The T. Rowe Price Asset Allocation Committee evaluates the relative attractiveness of major asset classes over a 6- to 18-month time horizon. These positions are currently reflected across our suite of asset allocation portfolios accounting for approximately $299 billion in assets under management as of March 31, 2018.*
March 2018 Positions
- All Asset Classes
- Fixed Income
Global growth trends are supportive of equities, but margins could be weighed by higher rates, wages, and input costs. Bond yields have improved and bonds have historically provided greater downside protection than equities.
Relative to the U.S., valuations in international markets are modestly more attractive as improving economic growth, positive earnings trends, and strengthening global trade boost support. Valuations in the U.S. are extended but have declined from recent peak.
EM stocks are supported by global demand for exports. EM valuations are modestly attractive versus developed markets. Interest rates may rise as central banks respond to stronger growth, and rising inflation. Trade policies and stability of energy prices are concerns.
Valuations for Real Estate Investment Trusts (REITs) are attractive. U.S. energy production is likely to increase given the higher energy prices and production cuts from other oil-producing nations. Other commodities remain structurally challenged by supply/demand imbalances.
U.S. small-caps are less vulnerable to trade policy and offer attractive valuations versus U.S. large-caps, where gains have been heavily concentrated in a just a few technology stocks. Global large-cap valuations are reasonable with strong earnings growth momentum.
Growth stocks are likely to continue to benefit in the current low growth environment, but valuations are less compelling after strong outperformance. Value stocks benefit from a sustained pickup in economic growth as well as higher rates.
Improving economies in Japan and Europe, notably so within financials, help support valuations for value stocks. Following strong performance, valuations for industrials and consumer staples sectors are above historical averages.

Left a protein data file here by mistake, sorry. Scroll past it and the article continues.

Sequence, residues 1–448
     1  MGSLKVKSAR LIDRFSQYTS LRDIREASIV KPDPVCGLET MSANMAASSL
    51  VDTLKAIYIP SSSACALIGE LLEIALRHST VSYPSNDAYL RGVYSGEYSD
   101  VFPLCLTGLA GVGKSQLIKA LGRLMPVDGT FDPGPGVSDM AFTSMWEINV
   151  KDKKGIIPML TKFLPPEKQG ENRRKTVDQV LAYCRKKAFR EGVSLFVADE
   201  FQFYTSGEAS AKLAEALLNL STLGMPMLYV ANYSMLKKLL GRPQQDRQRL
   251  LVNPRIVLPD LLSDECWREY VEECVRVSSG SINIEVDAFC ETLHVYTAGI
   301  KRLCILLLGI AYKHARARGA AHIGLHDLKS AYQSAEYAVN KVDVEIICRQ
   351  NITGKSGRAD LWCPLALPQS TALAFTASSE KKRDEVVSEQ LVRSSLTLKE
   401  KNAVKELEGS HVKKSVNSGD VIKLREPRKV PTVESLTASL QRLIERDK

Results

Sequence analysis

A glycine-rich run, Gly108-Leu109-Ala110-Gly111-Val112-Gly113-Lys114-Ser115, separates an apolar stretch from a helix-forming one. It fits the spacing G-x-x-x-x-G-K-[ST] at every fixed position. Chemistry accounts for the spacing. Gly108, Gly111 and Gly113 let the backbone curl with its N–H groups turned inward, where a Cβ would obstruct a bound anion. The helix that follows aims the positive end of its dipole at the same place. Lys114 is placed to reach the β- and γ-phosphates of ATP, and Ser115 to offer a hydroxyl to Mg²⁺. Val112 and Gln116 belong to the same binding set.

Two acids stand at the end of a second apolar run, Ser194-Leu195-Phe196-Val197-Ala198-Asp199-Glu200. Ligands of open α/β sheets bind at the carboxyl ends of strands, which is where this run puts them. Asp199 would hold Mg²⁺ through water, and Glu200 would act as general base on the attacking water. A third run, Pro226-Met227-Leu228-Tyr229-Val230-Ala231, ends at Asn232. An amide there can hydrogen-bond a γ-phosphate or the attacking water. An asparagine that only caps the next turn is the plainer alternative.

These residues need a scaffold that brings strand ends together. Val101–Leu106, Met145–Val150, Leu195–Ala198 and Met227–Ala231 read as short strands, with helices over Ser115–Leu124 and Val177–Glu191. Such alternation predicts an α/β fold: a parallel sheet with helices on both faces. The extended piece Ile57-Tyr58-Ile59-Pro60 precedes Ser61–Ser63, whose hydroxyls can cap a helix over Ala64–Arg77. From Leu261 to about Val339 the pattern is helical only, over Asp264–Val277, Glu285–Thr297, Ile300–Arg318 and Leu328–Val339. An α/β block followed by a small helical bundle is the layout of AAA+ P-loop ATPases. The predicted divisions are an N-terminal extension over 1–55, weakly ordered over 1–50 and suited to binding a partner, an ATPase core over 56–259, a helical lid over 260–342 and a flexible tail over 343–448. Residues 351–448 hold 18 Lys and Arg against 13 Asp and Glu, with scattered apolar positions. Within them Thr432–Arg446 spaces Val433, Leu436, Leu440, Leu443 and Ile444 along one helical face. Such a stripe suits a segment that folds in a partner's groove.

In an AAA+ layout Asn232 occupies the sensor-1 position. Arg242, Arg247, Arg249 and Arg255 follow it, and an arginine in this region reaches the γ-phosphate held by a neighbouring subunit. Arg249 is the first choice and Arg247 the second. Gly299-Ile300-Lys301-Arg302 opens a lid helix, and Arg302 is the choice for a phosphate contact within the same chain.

Fundamentals remain positive for high yield bonds, with default rates falling and corporate earnings rising, despite the credit cycle being in a slate stage environment. There is likely a limited upside potential given current valuations.
Valuations are somewhat extended and vulnerable to developed market central bank tightening, a stronger U.S. dollar, 2018 political calendar and slower Chinese growth. However, broad EM debt fundamentals remain attractive.
European bonds are at risk from rising rates as European Central Bank tightens monetary policy. Yield and duration favor U.S. investment grade debt and the U. S. dollar should benefit from improving economic growth and tax reform.
*The combined asset allocation assets under management of the T. Rowe Price group of companies as of March 31, 2018. This figure includes assets that are held outside of T. Rowe Price but where T. Rowe Price influences trade decisions. The T. Rowe Price group of companies includes T. Rowe Price Associates, Inc., T. Rowe Price International Ltd, T. Rowe Price Hong Kong Limited, T. Rowe Price Singapore Private Ltd, and T. Rowe Price (Canada), Inc.
This material represents the views of the T. Rowe Price Asset Allocation Committee only and may not reflect the opinion of all T. Rowe Price portfolio managers. This material is provided for informational purposes only and is not intended to be investment advice or a recommendation to take any particular investment action. The views contained herein are as of March 2018 and may have changed since that time. Information and opinions, including forward looking statements, are derived from proprietary and non-proprietary sources deemed to be reliable but are not guaranteed as to accuracy.
There are inherent risks associated with investing in the stock market, including possible loss of principal, and investors must be willing to accept them. The stocks of larger companies generally have lower risk and potential return than the stocks of smaller companies. Since small companies often have limited product lines, markets, or financial resources, investing in them involves more risk than investments primarily in large, established companies. The value approach carries the risk that a stock judged to be undervalued is actually appropriately priced. International investing involves unique risks, including currency fluctuation. Bond yields and prices will vary with interest rate changes. Investments in emerging markets are subject to abrupt and severe price declines, and should be regarded as speculative. High yield, lower-rated bonds generally involve greater risk to principal than investments in higher-rated securities.